This is the tiniest scrap of minuscule flowers in a portion of what was once the garden at the Yoga Center. Parts of it are covered in leaves and debris. As I understand it, though I don’t know this for a fact, this represents an emergency backup plan where a piece of root severed from its plant sends up a sudden bloom. A last ditch effort to reproduce. Humans, of course, lack this capacity. Our gestation period wanders through the seasons, and when the going gets tough, we tend just to die. There are many more plants than humans on the earth.

I will use this opportunity to pass on a bit of gossip delivered to me by a neighbor. It wasn’t a gardener who hacked away at the plants for the landlord, it was a group of forty or more people who came one day while I was in the hospital to dig up and replant what was once the Yoga Center garden. People who value plants and probably yoga, who will donate back the plants when the time comes, or else their offspring. The Yoga Center has a temporary home and is negotiating (at least talking with the city about) a city owned empty structure not far from here that was once a restaurant, but hasn’t been occupied for several years. It would give them lots of room and at least a minimal garden area. It would also be much more visible than their present temporary location. I wish them luck, and trust that their success will radiate throughout the community.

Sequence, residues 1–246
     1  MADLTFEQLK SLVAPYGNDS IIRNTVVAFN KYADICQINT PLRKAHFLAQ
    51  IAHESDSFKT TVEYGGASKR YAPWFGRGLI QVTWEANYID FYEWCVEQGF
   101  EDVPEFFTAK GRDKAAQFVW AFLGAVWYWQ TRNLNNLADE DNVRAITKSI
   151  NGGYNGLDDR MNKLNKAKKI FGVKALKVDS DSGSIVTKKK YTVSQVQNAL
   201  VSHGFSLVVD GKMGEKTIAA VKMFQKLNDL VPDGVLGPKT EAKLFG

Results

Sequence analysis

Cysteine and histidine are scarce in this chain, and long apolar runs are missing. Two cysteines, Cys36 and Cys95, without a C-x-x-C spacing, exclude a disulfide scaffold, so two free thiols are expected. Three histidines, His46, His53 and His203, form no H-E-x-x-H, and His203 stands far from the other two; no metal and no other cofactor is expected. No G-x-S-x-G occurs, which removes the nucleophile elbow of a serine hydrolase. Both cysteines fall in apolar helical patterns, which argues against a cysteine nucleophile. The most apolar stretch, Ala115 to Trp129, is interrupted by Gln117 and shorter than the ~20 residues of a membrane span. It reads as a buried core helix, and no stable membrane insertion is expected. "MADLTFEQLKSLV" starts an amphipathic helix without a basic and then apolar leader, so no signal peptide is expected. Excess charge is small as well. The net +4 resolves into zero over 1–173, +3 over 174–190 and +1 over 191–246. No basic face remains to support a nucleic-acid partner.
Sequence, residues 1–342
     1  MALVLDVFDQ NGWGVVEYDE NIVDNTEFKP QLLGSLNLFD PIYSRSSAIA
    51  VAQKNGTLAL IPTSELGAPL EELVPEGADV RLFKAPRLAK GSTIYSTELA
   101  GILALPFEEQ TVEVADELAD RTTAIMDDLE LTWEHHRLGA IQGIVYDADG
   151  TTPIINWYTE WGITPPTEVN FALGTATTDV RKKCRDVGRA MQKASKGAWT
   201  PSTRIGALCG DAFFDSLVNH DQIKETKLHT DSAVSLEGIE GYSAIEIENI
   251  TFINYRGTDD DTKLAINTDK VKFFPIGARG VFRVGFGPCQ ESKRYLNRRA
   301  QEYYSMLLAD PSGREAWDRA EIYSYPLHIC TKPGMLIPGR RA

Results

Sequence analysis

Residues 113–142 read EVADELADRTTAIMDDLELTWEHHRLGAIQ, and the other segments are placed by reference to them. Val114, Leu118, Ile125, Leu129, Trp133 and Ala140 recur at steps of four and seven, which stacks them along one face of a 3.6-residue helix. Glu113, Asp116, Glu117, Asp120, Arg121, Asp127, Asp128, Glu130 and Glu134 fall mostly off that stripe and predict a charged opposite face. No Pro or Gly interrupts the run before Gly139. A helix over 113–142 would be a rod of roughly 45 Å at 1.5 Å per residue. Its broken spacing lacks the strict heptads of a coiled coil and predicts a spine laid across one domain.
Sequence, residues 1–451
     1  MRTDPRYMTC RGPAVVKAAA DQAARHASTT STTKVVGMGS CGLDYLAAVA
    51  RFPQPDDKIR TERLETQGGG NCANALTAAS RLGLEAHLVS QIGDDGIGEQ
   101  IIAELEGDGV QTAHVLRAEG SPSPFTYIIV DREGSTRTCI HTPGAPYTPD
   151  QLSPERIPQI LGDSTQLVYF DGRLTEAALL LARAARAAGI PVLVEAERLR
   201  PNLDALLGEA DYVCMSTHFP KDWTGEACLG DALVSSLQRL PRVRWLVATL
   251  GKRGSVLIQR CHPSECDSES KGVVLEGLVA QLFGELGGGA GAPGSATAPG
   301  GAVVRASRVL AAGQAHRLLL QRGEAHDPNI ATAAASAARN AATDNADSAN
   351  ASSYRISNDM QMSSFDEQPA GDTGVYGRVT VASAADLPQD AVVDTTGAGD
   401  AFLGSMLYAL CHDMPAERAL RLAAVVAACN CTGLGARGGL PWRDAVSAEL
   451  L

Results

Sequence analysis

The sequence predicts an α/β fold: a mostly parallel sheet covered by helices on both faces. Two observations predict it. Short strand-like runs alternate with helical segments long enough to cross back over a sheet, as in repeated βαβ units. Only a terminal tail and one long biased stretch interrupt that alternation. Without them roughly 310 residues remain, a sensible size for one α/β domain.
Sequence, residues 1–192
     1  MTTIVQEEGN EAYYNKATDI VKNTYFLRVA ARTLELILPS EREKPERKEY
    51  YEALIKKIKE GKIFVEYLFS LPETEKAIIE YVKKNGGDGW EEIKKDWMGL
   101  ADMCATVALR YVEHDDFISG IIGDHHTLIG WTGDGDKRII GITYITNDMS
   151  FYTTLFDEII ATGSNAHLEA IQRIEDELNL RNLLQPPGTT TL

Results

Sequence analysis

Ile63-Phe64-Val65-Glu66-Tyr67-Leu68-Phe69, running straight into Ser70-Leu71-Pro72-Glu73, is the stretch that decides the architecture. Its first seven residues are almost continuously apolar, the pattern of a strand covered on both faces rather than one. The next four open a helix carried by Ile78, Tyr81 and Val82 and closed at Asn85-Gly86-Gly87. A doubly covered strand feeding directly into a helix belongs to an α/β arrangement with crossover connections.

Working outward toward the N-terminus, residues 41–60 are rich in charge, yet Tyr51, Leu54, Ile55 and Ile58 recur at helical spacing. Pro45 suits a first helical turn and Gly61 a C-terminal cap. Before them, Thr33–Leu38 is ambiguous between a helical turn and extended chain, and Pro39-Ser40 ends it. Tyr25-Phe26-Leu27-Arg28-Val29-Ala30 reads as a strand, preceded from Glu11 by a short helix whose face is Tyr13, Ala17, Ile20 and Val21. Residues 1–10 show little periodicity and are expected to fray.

I pass this way every six weeks or so. It’s on the way I walk to the barber shop. I hate haircuts enough that I pretend I’m doing almost anything else. I focus on getting there and on the way I block out almost everything else for fear that I won’t get there at all. And when I noticed this to the left of me about a block from home, I almost forgot about haircuts. I seem to have posted a neighboring flower of tyis type on the fourth of this month in Speak the Speech I Pray You. But I don't think one can look too often at such things. This is a stupendous bloom. Or, I should say, these are stupendous. They seem unnecessarily complex for such a forgettable shrub. But this is why shrubs continue, I suppose. It’s almost as if something tropical and exotic got accidentally crossed with something about to be tossed out. An ordinary bush with world class flowers. Large puffy things. Brightly colored. Absolutely mysterious. I looked for the longest time before remembering why I happened to be there.